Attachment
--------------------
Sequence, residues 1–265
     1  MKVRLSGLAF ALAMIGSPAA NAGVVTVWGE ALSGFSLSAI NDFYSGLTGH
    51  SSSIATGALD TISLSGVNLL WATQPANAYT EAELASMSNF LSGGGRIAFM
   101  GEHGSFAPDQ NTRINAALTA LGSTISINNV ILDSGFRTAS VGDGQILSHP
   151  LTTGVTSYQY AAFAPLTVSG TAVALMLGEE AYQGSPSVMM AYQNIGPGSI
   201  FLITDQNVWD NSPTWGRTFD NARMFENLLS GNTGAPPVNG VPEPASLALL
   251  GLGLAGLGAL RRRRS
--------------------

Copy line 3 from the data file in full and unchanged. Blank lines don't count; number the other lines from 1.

    51  SSSIATGALD TISLSGVNLL WATQPANAYT EAELASMSNF LSGGGRIAFM